Not everyone in this community engages with the deer like this family does. Like most wild animals, the deer also constantly seesaw between the perceptions of an admired wild animal and the urban pest that needs to go. Their big appetites aren’t welcome by the suburban farmer, struggling to make ends meet on his small plot of land. Bolting across the roads the deer have thrown many unsuspecting motorcyclists, who take to the roads at dawn or dusk, off their motorbikes.

Although the deer are sometimes perceived to be a nuisance like most wildlife that live on the fringes of urban or suburban communities, most people still choose to co-exist peacefully. It’s abundantly clear that the snares don’t sit well with the community adjoining the forest. Tired of waiting on a broken system that has become numb to complaint or plea, the community regularly go up the forest and remove the snares themselves. Their efforts, although not organised and less direct, are similar to that of the UK based Hunt Saboteurs – a group that responds to fox hunting parties using non-violent direct action. We joined Anuradha, Vibhusha, his wife Dehami and their two dogs on a hike up the forest on a quiet Sunday morning.

The herd was within eyeshot but scrambled away at the sight of us. We spotted some snares, set up and waiting, for an unsuspecting animal. Dehami is the first to spot the two black ribbons, which were likely used by a schoolgirl to tie her hair. She is softened with emotion when she says the man who hunts the animals has two little girls. “The ribbons are probably his daughter’s hair ties,” she says. He is an alcoholic and despite many attempts to engage him in conversation, the community is always met with aggression. However, the people who set the traps cannot bear the full weight of the blame as many of them aren’t hunting for amusement or sport and are simply trying to reel themselves out of poverty.

Anuradha says most of the snares are made using the clutch cables from tuk-tuks. First he attempted to cut the wire loop with a plier.  He then decided it’s best to dismantle the whole thing and pulled it apart completely. Further into the forest, there were also snares made of coir and nylon rope.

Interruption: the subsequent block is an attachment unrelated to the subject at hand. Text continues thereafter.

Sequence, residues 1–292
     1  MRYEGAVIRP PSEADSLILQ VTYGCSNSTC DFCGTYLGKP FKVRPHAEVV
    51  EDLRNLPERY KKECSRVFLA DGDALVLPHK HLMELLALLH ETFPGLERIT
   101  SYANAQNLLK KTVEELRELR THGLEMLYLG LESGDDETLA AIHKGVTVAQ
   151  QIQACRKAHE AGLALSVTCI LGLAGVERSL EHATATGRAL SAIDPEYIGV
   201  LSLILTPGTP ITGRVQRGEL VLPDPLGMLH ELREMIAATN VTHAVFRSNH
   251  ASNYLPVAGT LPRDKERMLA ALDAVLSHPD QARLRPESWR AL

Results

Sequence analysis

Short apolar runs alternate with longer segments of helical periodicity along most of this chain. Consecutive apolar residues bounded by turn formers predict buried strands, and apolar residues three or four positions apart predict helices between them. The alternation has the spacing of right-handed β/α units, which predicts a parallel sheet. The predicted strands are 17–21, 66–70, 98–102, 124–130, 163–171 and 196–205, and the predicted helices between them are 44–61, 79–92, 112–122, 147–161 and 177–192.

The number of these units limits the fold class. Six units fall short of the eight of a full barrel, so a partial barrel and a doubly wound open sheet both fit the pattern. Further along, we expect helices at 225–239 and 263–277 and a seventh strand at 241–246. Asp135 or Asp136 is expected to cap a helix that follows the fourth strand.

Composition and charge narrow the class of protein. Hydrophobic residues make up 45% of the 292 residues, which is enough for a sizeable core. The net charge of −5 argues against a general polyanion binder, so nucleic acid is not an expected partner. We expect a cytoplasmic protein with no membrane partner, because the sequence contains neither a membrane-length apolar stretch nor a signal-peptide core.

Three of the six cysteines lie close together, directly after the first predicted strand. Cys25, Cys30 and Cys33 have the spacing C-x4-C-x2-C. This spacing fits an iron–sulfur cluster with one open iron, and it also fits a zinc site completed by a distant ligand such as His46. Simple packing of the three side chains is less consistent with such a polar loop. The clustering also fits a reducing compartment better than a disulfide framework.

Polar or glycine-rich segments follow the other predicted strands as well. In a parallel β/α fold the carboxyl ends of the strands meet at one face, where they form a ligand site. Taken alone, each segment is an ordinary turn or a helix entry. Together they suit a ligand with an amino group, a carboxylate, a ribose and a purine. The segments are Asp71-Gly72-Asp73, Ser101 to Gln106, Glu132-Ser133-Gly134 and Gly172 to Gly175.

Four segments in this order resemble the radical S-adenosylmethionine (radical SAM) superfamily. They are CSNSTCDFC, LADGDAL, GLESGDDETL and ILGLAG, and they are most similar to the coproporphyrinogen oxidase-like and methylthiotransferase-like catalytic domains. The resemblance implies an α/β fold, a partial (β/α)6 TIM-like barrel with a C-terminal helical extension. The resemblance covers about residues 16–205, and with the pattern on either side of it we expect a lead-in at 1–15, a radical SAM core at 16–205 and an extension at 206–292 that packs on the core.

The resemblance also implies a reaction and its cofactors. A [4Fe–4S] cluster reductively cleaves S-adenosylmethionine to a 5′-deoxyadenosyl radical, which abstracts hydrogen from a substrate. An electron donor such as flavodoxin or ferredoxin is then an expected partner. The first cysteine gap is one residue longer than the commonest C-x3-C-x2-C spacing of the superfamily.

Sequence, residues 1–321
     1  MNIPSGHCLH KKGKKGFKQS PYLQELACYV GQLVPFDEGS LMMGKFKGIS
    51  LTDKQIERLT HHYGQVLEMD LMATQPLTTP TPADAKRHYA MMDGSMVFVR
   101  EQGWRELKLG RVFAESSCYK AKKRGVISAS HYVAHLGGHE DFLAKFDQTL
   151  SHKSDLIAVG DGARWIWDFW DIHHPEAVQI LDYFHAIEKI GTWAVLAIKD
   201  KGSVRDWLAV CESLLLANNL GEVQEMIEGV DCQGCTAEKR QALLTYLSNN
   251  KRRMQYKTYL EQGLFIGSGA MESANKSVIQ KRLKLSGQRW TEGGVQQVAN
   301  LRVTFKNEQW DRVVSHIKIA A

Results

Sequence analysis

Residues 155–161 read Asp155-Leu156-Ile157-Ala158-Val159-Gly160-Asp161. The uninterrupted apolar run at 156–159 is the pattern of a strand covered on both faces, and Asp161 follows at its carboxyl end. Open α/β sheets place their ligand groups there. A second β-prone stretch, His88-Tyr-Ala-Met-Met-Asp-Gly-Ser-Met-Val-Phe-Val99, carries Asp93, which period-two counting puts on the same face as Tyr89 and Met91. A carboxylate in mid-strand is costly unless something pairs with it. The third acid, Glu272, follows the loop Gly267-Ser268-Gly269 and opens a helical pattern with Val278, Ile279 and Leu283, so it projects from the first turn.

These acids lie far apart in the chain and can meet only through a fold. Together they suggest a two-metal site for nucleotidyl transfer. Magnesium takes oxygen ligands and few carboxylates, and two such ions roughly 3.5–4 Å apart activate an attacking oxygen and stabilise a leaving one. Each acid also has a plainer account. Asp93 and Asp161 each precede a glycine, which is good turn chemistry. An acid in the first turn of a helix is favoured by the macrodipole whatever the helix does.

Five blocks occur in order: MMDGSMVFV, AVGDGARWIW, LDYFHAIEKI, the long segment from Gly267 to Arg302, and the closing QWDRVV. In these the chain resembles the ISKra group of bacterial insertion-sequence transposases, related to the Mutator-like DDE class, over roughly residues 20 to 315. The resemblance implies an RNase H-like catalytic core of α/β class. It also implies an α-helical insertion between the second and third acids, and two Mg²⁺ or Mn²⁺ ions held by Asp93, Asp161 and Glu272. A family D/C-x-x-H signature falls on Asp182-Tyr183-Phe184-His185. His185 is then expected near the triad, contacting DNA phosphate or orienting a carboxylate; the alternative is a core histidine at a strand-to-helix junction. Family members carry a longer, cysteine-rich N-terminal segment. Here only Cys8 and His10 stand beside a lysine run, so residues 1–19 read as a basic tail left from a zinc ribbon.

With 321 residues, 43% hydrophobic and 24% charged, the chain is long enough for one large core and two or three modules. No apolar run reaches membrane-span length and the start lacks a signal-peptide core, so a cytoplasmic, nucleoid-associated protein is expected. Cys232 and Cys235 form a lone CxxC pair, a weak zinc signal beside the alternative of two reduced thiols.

Heading down towards their home, we had a chat with Mr. Lokuge, Anuradha’s and Vibhusha’s father. Living in such close proximity to the forest patch, he claimed he has heard screams from deer that have been caught in snares, meeting their violent end.

The deer rescued by the Lokuge boys recovered from the initial injuries at the Athidiya Wildlife Rehabilitation Centre, where she was first treated. Vibhusha had dropped by to see her and was told that although she survived her injuries, she could not be released into the wild as a multiple limb amputee. When we accompanied Anuradha on their second visit, we were told that she passed away, possibly due to a secondary infection. There was visible sadness in his eyes as he heard this information.

Deer are incredibly sensitive creatures, easily stressed, making it extra difficult to provide veterinary care for them. The Wildlife Department hospital is severely underfunded and its hospital runs on a shoestring budget,  only possible due to the commitment, kindness and sheer genius of the doctors and wildlife officers. On an island that is blessed with so much wildlife that is so little protected, little acts of kindness – removing a snare, getting an animal to hospital, providing care in the least intrusive way – collectively form a resistance to a violent system that is rarely even seen as one.